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To aerate my wort I have been using a whisk, but i am worried about contamination. What are other more effective ways to aerate wort without spending too much money?

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3  
Shake it like a Polaroid picture. –  Bill Nov 26 '10 at 19:15

6 Answers 6

up vote 10 down vote accepted

Pour the wort from the kettle into the primary through a colander. The hops get caught in the colander, and the wort dripping through this aerates it.

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The whisk is fine. I've heard of using a collander before. All I do is dump the wort straight into the fermenter then repeat dumping water into it until filled enough. Ive been fine with it. Sometimes I'll whisk or shake if I don't feel it's enough. I typically stand by observing if bubbles seem to float in and on top of the beer then quickly pitch and seal up.

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I use MixStir wine degasser attached to a cordless drill. Based on the results, it's remarkably effective and costs under $20. It's the preferred method of 2 time Ninkasi winner Gordon Strong, also.

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This sounds like an attractive solution. I have to admin, my gut reaction on reading this is that it sounds like degassing is the opposite effect. Can you explain the difference? –  Ray Aug 12 '11 at 18:54
1  
It's used as a degasser in wine since it forces out accumulated CO2 when you use it on fermented wine. But when you use it on unfermented beer, it whips O2 into the beer. I had the same reservation as you before I tried it, but it's remarkably effective. –  Denny Conn Aug 13 '11 at 15:23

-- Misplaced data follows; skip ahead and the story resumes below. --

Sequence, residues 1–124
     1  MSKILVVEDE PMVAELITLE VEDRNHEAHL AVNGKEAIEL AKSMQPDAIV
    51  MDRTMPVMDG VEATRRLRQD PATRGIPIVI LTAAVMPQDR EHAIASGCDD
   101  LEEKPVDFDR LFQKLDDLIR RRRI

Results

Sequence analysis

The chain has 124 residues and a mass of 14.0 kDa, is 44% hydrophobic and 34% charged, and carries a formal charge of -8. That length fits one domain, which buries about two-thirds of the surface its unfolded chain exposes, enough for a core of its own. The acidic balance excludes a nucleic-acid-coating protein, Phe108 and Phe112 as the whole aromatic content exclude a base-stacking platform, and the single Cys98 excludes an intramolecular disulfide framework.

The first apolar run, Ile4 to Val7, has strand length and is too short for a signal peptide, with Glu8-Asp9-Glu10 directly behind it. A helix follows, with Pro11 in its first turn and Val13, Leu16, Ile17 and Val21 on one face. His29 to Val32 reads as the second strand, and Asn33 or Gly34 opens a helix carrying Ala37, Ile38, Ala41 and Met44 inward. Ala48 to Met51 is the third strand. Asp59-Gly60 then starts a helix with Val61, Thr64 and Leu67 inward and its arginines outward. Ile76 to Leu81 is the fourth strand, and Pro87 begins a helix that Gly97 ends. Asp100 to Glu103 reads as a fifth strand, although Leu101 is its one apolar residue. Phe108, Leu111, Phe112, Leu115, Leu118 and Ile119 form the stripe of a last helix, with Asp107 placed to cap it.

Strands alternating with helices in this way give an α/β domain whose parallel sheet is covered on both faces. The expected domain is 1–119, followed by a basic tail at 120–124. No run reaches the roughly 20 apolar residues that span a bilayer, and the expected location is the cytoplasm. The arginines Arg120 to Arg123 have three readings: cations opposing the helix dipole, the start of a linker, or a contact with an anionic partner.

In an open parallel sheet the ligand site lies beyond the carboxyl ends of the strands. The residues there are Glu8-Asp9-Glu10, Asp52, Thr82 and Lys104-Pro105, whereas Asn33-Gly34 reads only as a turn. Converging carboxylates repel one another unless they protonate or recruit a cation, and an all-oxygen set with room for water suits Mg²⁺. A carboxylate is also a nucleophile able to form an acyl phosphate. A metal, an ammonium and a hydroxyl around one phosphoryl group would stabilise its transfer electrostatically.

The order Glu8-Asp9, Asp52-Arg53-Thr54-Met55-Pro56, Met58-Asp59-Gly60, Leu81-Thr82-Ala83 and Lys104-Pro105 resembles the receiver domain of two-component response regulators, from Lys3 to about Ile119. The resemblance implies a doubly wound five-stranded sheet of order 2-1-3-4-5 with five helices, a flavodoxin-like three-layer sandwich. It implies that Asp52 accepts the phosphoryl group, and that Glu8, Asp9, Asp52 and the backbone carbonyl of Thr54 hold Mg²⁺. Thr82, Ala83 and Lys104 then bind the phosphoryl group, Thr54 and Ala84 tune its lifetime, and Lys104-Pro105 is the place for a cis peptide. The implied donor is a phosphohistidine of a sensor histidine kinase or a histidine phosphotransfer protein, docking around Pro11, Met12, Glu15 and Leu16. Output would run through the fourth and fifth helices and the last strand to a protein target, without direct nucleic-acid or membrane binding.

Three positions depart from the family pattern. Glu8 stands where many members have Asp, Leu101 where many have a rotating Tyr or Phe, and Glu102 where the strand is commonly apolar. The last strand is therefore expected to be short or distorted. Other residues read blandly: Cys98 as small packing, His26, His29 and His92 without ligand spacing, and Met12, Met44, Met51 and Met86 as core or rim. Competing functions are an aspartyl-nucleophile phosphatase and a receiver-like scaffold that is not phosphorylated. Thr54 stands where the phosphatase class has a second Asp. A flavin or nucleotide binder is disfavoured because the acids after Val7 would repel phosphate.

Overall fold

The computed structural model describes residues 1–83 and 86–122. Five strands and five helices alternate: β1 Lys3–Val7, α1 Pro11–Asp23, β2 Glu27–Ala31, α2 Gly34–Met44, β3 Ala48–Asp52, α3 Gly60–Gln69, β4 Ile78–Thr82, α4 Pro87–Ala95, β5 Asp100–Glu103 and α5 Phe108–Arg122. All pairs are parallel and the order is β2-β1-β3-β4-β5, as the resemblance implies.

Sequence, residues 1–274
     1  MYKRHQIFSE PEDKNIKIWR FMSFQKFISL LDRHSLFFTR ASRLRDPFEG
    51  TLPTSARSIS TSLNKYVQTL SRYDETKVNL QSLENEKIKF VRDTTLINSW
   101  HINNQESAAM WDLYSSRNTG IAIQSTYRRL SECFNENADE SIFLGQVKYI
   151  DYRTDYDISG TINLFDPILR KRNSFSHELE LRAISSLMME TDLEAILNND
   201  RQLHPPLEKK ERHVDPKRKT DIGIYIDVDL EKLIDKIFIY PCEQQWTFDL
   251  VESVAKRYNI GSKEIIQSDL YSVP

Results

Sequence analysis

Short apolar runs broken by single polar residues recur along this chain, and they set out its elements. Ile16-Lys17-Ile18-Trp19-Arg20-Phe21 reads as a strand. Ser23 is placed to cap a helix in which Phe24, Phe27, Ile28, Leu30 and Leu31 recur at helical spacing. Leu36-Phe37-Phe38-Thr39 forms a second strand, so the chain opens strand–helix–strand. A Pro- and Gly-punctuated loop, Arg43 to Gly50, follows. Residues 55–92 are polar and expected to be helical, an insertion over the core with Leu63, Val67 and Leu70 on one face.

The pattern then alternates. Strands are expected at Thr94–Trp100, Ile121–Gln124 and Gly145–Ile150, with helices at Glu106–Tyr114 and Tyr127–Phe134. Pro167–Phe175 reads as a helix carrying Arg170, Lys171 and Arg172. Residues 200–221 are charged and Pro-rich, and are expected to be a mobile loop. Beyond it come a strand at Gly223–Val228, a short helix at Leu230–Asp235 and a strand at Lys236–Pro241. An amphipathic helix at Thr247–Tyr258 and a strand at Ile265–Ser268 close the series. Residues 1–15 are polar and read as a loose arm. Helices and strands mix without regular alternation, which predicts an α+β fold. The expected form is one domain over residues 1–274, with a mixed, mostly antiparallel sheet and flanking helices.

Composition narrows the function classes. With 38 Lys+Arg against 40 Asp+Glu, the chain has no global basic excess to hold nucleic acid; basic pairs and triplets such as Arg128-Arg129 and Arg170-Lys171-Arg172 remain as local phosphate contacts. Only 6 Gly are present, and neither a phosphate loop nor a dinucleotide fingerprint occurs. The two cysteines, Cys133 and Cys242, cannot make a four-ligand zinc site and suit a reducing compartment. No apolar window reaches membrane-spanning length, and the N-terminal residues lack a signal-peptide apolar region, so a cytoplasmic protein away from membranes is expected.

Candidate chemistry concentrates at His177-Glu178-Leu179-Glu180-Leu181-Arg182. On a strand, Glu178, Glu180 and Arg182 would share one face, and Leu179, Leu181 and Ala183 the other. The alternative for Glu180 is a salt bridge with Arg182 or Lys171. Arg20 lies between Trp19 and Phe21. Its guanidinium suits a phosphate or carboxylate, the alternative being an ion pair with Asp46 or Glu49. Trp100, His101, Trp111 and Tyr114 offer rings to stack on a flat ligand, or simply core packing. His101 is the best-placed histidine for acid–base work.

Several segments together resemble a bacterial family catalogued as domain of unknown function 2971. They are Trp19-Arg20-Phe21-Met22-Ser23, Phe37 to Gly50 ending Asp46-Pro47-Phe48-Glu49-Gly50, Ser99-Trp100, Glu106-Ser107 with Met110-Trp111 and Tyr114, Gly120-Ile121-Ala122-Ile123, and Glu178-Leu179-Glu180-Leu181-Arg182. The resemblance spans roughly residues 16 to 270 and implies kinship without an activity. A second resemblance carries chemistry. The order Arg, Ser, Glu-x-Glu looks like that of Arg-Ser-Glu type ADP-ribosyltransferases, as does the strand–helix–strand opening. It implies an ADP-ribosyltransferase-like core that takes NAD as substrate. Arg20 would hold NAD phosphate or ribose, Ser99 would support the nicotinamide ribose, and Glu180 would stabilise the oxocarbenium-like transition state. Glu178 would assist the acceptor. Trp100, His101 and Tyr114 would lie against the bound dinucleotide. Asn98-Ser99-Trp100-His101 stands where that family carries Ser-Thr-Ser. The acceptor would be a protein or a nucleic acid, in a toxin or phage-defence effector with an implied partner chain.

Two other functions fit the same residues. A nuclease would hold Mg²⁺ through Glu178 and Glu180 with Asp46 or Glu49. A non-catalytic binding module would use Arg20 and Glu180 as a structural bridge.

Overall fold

@DennyConn How long do you whip it for? –  fthinker Oct 11 at 13:23
    
Until the fermenter is full of foam....usually about 2-3 min. –  Denny Conn Oct 11 at 15:57

If you want to do it cheap, with a canister of Bernz-O-Matic oxygen, a small regulator, and some aquarium stones from Wal-Mart you can do home oxygenation yourself.

Couple of caveats:

  1. You must sanitize the aquarium stones. They will break down if left in One Step more than five minutes.

  2. Throw out the aquarium stones when you are done. They are 1-batch use, no way to get them clean again after submersion in wort.

I invested in a stainless steel stone and oxygenate with it, it can be cleaned and boiled if necessary. A kit for this kind of think is usually around $35.00. I would skip the whole aquarium stone thing and just buy this kit. The little oxygen cylinders are cheap and last nearly forever, especially if you take the regulator off between uses. The whole kit is really not very expensive and I have found it helps fermentation more than our old splash method.

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If you rack from your brew kettle to your fermentor with some tubing and racking cane you can get a wort disperser. These are little cone like things that go on the end of the tubbing and create a spray of wort as it enters the fermentor.

Here is a link to one at NortherBrewer

One of these combined with good ole' shaking in the carboy works pretty well for the cheap route.

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Sloppy Pouring.

When my boil's done and cooled, I pour it between the carboy and my bottling bucket a few times, making sure it gets well-splashed.

If you're doing a partial boil, you can often ignore aerating the wort, and just pour the extra water around to aerate, then add that to the wort in the fermenter.

According to Palmer, this will get you to about 8 ppm oxygen, which is on the lower end of the ideal range for most yeast (8-16ppm). That said, I haven't had any problem with it, and got a great fermentation on a 1.074 OG stout doing that just two days ago.

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